F1 Paddock Insights

August 21, 2009

After nearly a month since the last race, the F1 drivers are strapped back in their seats and ready to hit the Valencia harbour. The teams have had to take a two week break from anything F1 related, but don’t be surprised if you see a raft of new changes – development happens very quickly in F1, it’s our job to try and keep up with it. Find out what’s happening in the paddock in sunny America’s Cup Harbour.

– When Fernando Alonso’s tyre went bouncing down the circuit to end his chances of a good finish in Hungary, the F1 world was taken back to the tragic accident that killed Henry Surtees only a week prior and the freak accident that injured Felipe in qualifying the previous day. Perhaps that is why the FIA took the accident so seriously and immediately banned them from the European GP. Crowd favourite Alonso was in disbelief and the race organisers were starting to count their ticket losses. In the end, though, it was four of the major teams in F1 who came to Renault’s rescue (Red Bull Racing, Vodafone McLaren Mercedes, Panasonic Toyota Racing and Ferrari), by submitting letters to the court in support of the French team. Either way, the Spaniard and his French team are racing in Valencia, but Nelson Piquet is not. The unsuccessful Brazilian has been dropped by the uncompromising Flavio Briatore for his lack of points this season. Then flew a tirade of abuse towards the Italian and the whole team, saying that Flav on the radio is “like listening to something my sister would say about the car. Pat Symonds is the guy who really understands what is going on with the team” and that “he makes comments that don’t make any sense”. As Romain Grosjean takes the seat still left warm by the young Brazilian, one can only hope that he has more luck than its previous inhabitant.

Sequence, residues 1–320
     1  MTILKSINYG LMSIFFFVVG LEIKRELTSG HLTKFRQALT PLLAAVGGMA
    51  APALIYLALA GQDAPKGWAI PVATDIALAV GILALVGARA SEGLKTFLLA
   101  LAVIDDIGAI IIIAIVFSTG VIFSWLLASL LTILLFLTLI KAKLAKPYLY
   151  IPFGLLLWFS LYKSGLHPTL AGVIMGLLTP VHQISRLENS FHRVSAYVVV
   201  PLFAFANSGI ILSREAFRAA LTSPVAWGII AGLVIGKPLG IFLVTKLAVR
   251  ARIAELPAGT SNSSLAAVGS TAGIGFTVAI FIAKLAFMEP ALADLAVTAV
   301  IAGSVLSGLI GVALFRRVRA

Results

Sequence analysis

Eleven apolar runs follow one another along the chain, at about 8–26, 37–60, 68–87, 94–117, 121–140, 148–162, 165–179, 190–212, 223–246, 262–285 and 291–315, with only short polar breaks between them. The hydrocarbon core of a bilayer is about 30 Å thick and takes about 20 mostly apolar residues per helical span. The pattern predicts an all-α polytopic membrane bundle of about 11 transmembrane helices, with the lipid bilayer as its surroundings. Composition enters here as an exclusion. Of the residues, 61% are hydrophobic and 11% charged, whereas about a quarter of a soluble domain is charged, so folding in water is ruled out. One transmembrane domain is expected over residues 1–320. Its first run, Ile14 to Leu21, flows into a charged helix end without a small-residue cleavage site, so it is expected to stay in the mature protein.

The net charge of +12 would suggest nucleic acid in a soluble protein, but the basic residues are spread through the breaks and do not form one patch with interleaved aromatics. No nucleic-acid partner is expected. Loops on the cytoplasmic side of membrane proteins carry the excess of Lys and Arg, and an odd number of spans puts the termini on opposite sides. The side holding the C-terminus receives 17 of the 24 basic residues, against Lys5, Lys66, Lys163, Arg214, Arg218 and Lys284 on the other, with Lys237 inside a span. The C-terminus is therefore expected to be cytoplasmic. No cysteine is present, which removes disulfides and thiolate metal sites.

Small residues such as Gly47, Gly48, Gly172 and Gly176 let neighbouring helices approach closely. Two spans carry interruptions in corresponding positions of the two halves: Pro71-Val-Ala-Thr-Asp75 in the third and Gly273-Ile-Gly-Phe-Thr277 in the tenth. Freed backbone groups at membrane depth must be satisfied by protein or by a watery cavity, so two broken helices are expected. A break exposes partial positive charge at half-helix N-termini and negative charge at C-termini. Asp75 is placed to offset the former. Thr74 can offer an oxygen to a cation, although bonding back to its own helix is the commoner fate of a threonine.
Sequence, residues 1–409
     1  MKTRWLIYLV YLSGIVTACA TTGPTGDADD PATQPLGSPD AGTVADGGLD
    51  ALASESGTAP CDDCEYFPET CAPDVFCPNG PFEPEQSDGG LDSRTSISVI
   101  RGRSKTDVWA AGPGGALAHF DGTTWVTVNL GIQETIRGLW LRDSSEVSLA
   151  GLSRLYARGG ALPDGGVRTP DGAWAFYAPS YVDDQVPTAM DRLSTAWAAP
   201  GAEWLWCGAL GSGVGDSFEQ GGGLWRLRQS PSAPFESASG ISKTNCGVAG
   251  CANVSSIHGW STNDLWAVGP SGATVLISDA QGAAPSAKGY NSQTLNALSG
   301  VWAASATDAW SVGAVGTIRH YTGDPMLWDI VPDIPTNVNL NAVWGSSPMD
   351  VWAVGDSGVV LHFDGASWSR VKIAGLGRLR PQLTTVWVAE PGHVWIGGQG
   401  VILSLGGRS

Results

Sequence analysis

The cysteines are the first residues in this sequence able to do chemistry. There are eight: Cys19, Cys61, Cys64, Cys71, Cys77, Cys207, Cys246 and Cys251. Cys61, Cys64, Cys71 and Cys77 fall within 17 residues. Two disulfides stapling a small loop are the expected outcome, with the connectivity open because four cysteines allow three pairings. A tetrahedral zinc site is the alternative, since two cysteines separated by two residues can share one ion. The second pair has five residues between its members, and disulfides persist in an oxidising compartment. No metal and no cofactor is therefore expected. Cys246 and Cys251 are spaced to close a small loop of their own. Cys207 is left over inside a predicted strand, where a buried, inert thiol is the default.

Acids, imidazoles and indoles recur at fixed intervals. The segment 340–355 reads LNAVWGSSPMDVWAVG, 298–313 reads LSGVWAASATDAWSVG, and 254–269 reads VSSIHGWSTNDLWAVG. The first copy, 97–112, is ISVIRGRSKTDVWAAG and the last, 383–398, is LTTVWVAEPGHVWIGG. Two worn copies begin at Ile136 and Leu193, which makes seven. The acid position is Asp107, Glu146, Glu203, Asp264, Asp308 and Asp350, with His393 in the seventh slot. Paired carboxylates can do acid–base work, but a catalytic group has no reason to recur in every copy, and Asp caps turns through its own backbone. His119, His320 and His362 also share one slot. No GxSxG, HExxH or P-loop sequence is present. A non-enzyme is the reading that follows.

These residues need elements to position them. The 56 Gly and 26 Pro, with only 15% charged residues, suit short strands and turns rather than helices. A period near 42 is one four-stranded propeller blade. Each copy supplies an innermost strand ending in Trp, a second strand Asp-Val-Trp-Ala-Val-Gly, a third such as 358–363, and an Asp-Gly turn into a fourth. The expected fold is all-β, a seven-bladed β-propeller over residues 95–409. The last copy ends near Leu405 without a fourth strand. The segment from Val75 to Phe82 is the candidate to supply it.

– There was a time where all F1 fans’ hearts were lifted prior to the Valencia GP – Michael Schumacher had climbed back into a Ferrari Formula One car with the hope of filling the injured Felipe Massa’s boots for the rest of the season. Unfortunately for the great man, the neck injury he sustained in February on his bike was too severe for his F1 racing career to get back on track and the F1 world could breathe again. No worries for the bookies – his replacement is none other than Luca Badoer…Who? I hear you ask. Luca Badoer – the man who has started more Grands Prix than any other man in F1 (48) without scoring a single point. Now that’s a replacement to a seven-time world champion who has won a record 91 Grands Prix, scored a record 1,369 points and finished on the podium 154 times. So who is Luca Badoer? He is an Italian man through and through. Born in 1971 and a graduate of the Italian karting system. He has raced for only Italian teams and is the first Italian to drive for Ferrari since 1992, when Ivan Capelli scored a total of 3 points. He has been a test driver at Ferrari since 1997 and according to his engineers has completed “over 150,000km in F1 cars since he joined Ferrari – nearly 5 times the amount covered by an F1 driver in that time”. The decision to chose him over Marc Gené, Ferrari’s other test driver is one that confuses a number of people. Luca di Montezemolo told insiders that “In agreement with Stefano Domenicali, we have therefore decided to give Luca Badoer the chance to race for the Scuderia after he has put in so many years of hard work as a test driver”. Sounds to me like he has been given the drive as they are already testing for 2010 and Luca is the best person to test the new parts.